France

Editor’s Note

Jewish Week Book Critic
04/28/2010

 Chrystie Sherman took the cover photograph, “Shabbat,” in Bukhara, Uzbekistan, in 2002, as part of her “Lost Futures: Journeys into the Jewish Diaspora” project.  Her subject, dressed in a brocade Shabbat robe, opened the door of her family’s home to the photographer shortly before the onset of Shabbat. Later that evening, she hosted Sherman and 10 other guests for a traditional Bukharan Shabbat dinner of fragrant rice and lamb, in their courtyard under the stars. The young woman resembles the Sabbath bride of song.

lighting Shabbat candles at a DC-supported home for the aged for survivors of German concentration camps. Nice, France, 1951

French Rap Against Jews

03/25/2005
Staff Writer

Jewish groups are questioning the origin of a downloadable anti-Semitic rap song that has recently made its way to e-mail in boxes throughout France, where anti-Jewish sentiments have been on the rise in recent years.Dedicated to “the sons of Jewish whores,” the hateful tune, called “Nique les Juifs,” or “[Expletive] the Jews,” praises Hitler’s determination and compares Jews to cysts that must be removed or burned.

Building Bridges

03/11/2005
Staff Writer

When Pizmon, Columbia’s famed Jewish a cappella group, began to croon a series of Hebrew melodies, a group of about 100 French university students — visibly tired from their trans-Atlantic flight earlier in the day — roused and began clapping to the music, cheering, dancing and snapping photos of the singers.After each song, Pizmon received a standing ovation from the French student leaders who gathered Sunday in the basement of the Kraft Center, the home of Columbia University’s Hillel.“It was something very unexpected for us,” said Jimmy Pinto, a senior

Reaching Out In Battle Against Hate

12/24/2004
Staff Writer

In the highly charged political and religious climate of France, the country’s influential Jewish student union has been on the front lines of the fight to beat back hate.It made world headlines this year when it launched its controversial, and since pulled, advertising campaign with the words “Dirty Jew” scrawled in graffiti-like script over the images of Jesus and Mary.

Blast Doesn’t Destroy Vendors’ Resolve

11/05/2004
Israel Correspondent

Tel Aviv — Tel Aviv’s Carmel Market is normally a cacophony of blaring Mediterranean music and bellowing produce merchants hawking a rainbow of produce. But on Monday, a Palestinian suicide bomber turned the open-air thoroughfare known in Hebrew as “the shuk” into a nightmare of screams and wailing sirens.

Jewish Agency To Soon Launch ‘Flex Aliyah’

01/02/2008
Israel Correspondent

Jerusalem — Determined to continue to play a central role in aliyah at a time when the number of immigrants coming to the country is declining dramatically and as private immigration organizations like Nefesh B’Nefesh are expanding their activities and boasting their successes, the Jewish Agency for Israel will soon unveil a “flex aliyah” program for potential olim who do not necessarily want to live in Israel full time.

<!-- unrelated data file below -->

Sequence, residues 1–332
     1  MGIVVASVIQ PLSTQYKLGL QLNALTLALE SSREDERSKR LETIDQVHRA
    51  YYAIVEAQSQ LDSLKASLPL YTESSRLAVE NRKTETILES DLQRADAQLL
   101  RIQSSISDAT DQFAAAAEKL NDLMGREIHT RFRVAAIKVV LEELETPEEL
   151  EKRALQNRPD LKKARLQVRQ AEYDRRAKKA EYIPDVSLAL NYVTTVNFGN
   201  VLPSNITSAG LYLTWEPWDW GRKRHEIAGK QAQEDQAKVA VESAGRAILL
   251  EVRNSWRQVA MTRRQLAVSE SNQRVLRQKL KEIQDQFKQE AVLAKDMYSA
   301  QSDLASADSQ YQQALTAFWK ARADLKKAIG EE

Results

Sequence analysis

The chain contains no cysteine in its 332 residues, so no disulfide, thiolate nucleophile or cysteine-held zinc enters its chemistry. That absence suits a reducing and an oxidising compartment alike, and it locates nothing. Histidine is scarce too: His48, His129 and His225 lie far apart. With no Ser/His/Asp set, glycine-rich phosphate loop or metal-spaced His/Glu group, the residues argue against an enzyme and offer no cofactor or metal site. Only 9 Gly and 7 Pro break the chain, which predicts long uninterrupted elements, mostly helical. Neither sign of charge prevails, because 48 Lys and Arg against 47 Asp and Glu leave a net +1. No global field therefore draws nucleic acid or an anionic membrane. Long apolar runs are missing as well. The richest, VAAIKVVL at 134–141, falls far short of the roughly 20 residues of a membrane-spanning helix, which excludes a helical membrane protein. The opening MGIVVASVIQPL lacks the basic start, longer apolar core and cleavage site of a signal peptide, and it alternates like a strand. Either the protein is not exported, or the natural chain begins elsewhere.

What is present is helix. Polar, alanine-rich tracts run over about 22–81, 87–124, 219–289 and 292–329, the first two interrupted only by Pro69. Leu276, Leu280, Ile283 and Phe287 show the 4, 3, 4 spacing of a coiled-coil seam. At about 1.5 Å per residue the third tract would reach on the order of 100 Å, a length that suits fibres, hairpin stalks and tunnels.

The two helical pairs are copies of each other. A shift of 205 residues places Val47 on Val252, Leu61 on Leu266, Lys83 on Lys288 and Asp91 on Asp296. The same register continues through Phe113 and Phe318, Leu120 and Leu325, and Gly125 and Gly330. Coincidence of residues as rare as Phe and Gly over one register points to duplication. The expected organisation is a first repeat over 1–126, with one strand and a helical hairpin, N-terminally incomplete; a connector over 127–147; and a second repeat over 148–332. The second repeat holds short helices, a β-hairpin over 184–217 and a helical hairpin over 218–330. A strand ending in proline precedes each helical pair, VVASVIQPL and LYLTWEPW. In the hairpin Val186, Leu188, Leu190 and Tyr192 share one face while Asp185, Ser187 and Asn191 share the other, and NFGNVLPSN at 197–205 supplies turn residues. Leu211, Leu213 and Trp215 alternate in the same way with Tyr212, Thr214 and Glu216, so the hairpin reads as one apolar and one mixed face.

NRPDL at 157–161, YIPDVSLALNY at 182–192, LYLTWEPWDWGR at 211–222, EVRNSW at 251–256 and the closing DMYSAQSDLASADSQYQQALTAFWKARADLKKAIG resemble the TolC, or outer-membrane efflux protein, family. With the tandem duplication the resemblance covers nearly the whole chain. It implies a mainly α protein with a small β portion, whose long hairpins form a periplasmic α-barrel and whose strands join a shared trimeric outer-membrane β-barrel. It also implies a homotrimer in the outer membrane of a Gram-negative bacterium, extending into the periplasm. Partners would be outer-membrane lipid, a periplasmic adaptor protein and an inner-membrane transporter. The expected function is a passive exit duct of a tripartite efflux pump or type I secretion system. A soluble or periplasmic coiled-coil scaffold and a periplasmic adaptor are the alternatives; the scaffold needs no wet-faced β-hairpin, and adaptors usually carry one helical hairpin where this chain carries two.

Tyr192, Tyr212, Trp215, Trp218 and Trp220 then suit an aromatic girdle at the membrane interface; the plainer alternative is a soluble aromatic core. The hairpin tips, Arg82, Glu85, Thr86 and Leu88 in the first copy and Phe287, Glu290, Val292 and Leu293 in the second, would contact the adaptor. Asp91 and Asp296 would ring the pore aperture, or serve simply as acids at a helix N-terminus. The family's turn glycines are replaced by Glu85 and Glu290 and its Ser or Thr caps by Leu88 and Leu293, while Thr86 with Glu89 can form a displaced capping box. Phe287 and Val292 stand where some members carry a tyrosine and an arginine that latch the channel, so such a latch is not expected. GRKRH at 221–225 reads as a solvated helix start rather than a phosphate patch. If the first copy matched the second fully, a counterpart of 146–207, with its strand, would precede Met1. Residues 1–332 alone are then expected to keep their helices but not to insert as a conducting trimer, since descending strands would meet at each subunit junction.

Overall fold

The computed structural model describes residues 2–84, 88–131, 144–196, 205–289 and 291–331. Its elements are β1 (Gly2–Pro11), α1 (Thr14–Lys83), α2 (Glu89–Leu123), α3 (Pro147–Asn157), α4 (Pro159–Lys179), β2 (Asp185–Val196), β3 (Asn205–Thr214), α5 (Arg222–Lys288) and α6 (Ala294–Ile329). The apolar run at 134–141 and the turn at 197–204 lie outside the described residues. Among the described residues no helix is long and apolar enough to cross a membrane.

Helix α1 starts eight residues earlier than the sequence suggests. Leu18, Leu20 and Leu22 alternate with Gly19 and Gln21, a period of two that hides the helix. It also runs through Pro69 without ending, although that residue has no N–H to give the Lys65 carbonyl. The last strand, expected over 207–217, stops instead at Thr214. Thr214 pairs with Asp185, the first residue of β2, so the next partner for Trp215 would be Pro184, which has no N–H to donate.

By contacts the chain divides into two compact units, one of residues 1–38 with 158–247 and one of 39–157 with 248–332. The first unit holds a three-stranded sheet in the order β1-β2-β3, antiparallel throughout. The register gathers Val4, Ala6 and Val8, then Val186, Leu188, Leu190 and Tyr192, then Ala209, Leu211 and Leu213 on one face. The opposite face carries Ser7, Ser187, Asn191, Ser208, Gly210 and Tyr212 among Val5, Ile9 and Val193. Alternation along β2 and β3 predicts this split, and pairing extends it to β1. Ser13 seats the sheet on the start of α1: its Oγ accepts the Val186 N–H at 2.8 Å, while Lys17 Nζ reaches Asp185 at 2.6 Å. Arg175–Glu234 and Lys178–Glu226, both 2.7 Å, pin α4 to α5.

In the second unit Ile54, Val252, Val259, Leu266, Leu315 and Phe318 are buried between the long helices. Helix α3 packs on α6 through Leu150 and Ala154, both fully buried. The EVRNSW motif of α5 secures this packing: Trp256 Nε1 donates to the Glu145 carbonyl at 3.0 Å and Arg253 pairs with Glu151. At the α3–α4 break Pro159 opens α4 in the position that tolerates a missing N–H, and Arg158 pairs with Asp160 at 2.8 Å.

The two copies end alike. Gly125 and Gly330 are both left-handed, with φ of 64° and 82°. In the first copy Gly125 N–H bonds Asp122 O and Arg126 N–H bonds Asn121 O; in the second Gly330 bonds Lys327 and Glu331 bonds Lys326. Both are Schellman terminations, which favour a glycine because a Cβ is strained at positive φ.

Common Artists, Uncommon Art

01/31/2003
Staff Writer

Its creative ranks include recluses, the insane and former prison inmates, but "Outsider Art" is hardly the exclusive domain of social misfits.

A tour through the American Museum of Folk Art or any number of galleries specializing in what is also known as "self-taught art" exposes viewers to a rich field of artists - including a notable number of Jewish painters - who, while untrained, display a talent for visual expression appreciated by connoisseurs and common folk alike.

N.J. Eyes Bill To Oust Baraka

10/11/2002
Staff Writer

New Jersey poet laureate Amiri Baraka says he will fight legislation aimed at removing him from the state-appointed position, telling The Jewish Week Tuesday he was prepared to take legal action if a bill being drafted this week in the state Senate passes. “I certainly will sue,” he said Tuesday by phone from his home in Newark.

Legal experts say the controversial poet could have a good case on free-speech grounds.

Calling All Jewish Superheroes

05/24/2002
Special To The Jewish Week

I recently experienced the Hollywood blockbuster "Spider-Man," and was delighted to see mild-mannered Queens high school student Peter Parker turn himself into a crime-fighting superhero. Jews invented the modern superhero 60 years ago, developing the concept of a well-intentioned but unempowered person transformed through accident into a powerhouse. Their creations (Superman, Spiderman and the like) are descendents of the golem, which was created to protect Jews from pogroms.

The Anxiety Of (Religious) Influence

01/24/2003
Special To The Jewish Week

It's a cliche to say that the world's major religions have long influenced and been influenced by each other. Jesus and his followers were Jewish; Maimonides was indebted to Islamic philosophers; Mohammad saw the Koran as an extension of Jewish and Christian texts; and so on. At a time like today (when the three monotheistic faiths feel deeply defensive about their place in the world) this message bears repeating.

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